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Decision-making and Motor Behavior. Input. Central Processing. Output. Welford’s (1976) Hypothetical Model of Information Processing. From: Welford, A.T. (1976) Skilled Performance: Perceptual and Motor Skills . Scott, Foresman and Company: Palo Alto, CA. What is the decision process?.

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slide2

Input

Central Processing

Output

welford s 1976 hypothetical model of information processing
Welford’s (1976) Hypothetical Model of Information Processing

From: Welford, A.T. (1976) Skilled Performance: Perceptual and Motor Skills. Scott, Foresman and Company: Palo Alto, CA.

what is the decision process
What is the decision process?
  • In the decision process performers develop a plan or strategy for the movement.
what does reaction time measure
What does reaction time measure?
  • Afferent flow of information
  • Processing of information by the brain
  • Efferent flow of information
fractionated reaction time
Fractionated Reaction Time
  • Premotor Reaction Time
  • Motor Reaction Time
  • Total Reaction Time
slide7

From Magill, R.A. (2007). Motor Learning and Control: Concepts and Applications (8th ed.). McGraw Hill: New York, pp 183.

define
Define
  • Simple Reaction Time
  • Choice Reaction Time
memory drum theory
Memory Drum Theory
  • Franklin Henry provided the Memory Drum Theory
    • Fischman, Christina, and Anson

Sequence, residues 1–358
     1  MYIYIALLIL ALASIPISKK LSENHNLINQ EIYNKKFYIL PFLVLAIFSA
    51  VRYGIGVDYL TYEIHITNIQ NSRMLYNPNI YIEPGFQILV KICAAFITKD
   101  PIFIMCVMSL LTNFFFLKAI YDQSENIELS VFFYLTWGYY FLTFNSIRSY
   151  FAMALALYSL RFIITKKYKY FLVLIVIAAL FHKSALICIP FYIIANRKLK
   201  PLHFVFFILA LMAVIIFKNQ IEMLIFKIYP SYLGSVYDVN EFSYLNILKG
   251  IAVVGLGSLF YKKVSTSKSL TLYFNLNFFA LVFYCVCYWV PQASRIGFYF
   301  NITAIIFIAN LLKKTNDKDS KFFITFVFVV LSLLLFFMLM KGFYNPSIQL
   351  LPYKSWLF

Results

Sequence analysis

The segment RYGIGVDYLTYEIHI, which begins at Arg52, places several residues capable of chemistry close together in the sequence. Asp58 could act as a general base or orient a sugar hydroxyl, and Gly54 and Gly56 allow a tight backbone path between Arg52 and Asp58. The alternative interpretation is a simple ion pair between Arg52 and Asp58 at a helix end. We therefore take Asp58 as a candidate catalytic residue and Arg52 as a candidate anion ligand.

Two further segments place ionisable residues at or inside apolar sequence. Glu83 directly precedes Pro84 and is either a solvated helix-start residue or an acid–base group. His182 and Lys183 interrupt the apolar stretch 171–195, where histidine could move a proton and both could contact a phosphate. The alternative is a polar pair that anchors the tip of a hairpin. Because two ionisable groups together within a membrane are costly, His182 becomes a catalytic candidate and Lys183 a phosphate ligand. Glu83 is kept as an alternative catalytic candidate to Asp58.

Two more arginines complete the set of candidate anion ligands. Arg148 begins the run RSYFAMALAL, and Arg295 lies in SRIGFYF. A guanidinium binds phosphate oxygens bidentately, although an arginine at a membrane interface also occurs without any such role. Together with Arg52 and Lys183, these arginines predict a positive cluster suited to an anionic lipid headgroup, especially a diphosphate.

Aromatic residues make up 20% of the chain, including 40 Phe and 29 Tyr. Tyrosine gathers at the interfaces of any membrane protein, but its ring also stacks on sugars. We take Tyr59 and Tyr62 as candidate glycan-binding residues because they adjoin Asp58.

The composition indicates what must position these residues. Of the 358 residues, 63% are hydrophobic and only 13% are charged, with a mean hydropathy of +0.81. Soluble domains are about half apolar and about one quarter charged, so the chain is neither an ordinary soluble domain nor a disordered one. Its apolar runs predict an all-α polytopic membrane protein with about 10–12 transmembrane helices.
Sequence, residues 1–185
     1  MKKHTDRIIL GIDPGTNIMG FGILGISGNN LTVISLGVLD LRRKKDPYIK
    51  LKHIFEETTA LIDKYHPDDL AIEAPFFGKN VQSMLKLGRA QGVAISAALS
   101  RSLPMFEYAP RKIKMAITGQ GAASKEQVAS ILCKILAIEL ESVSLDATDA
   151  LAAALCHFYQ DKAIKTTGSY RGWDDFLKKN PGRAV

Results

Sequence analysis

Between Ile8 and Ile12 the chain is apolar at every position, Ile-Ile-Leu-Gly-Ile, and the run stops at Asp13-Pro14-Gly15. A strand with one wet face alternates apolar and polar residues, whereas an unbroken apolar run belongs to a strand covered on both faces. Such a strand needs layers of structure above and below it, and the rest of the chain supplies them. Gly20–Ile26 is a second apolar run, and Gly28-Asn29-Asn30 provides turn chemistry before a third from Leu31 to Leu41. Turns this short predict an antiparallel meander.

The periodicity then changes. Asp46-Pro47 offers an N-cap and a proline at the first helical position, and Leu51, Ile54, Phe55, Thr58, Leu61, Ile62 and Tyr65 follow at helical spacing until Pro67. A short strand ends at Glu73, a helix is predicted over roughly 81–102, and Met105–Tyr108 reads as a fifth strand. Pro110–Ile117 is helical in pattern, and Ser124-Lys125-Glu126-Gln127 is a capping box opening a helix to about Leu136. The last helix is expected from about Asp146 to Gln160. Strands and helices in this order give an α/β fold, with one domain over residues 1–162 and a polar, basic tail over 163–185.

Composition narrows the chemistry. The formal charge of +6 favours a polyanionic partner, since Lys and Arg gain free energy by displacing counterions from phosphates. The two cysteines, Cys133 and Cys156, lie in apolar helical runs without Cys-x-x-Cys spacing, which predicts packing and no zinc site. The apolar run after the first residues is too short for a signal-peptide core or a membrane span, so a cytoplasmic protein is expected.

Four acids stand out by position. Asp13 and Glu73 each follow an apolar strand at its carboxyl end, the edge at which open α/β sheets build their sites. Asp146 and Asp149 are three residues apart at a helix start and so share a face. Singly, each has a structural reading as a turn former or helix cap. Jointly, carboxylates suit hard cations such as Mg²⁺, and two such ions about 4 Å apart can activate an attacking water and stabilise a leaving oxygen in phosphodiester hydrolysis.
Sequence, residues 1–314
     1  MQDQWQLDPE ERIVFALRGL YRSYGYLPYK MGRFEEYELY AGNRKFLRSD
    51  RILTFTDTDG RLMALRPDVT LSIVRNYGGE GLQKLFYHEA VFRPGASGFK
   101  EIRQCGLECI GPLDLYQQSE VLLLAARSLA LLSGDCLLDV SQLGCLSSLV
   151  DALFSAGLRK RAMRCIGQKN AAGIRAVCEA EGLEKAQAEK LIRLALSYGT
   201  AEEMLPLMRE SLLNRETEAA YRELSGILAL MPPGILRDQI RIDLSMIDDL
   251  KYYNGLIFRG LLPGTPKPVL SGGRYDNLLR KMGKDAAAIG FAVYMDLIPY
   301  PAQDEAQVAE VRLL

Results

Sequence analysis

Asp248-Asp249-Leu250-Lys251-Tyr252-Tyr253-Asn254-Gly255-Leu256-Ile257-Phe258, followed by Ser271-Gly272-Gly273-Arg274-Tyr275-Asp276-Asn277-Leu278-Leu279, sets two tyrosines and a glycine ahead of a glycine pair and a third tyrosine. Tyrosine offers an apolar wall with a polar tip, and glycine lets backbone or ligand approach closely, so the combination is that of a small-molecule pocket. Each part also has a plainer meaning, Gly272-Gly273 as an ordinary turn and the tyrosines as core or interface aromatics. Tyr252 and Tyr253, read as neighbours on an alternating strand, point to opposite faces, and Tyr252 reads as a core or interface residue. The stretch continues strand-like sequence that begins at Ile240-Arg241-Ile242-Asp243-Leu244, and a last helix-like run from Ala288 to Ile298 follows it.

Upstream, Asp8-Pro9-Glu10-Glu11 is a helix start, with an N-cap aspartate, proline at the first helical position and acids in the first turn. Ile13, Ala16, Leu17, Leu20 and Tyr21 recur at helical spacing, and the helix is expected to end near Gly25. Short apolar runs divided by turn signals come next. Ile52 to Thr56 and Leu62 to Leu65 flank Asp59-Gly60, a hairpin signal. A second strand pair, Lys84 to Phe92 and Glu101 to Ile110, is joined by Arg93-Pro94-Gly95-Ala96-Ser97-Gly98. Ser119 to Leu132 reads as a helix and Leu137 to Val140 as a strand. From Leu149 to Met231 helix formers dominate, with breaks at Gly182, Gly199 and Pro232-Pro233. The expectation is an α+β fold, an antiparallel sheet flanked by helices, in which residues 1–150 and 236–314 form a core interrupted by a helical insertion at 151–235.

• Klapp
    • Hide’s thesis
what is information and how is information measured
What is information and how is information measured?
  • Limited capacity of the decision process
  • Single channel processing
  • Bottleneck in the system
uncertainty
Uncertainty
  • Number of possible alternatives (CRT)
    • Number of stimuli
    • Vary the probability of occurrence
    • Sequential dependencies
  • Predictability
    • Temporal uncertainty
    • Spatial uncertainty
    • Event uncertainty
    • Perceptual uncertainty
slide13
BITS
  • BITS measures the complexity and uncertainty of information
  • Calculation of BITS
perceptual discrimination
Perceptual Discrimination
  • Just Noticeable Difference
    • Being able to detect differences in stimuli if they in fact exist

http://www.nytimes.com/2010/07/04/magazine/04Rivera-t.html?_r=1

psychological refractory period the fake
Psychological Refractory Period (The Fake)
  • The psychological refractory period is created when two signals are presented in succession
  • It’s the time it takes to respond to a fake and realize it is a fake when the real move is recognized and the performer has to initiate a new response
slide16

From Magill, R.A. (2007). Motor Learning and Control: Concepts and Applications (8th ed.). McGraw Hill: New York.

facts about the psychological refractory period
Facts about the Psychological Refractory Period
  • RT to the first signal is the same as when stimulus 1 is presented alone
  • RT to the second signal is almost always longer
  • If the interstimulus interval (ISI) is less than 100 msec sometimes the performer responds to only one signal
  • Practice will not improve the psychological refractory period
  • The psychological refractory period can be eliminated if the performer knows where stimulus 2 will occur
  • The psychological refractory period is a central phenomenon. It is not sensory or motor.
activity groups
Activity Groups
  • Temporal Uncertainty
  • Event Uncertainty
  • Perceptual Uncertainty
  • Spatial Uncertainty
  • Define the concept and provide a minimum of 3 examples of movement exemplars of these ideas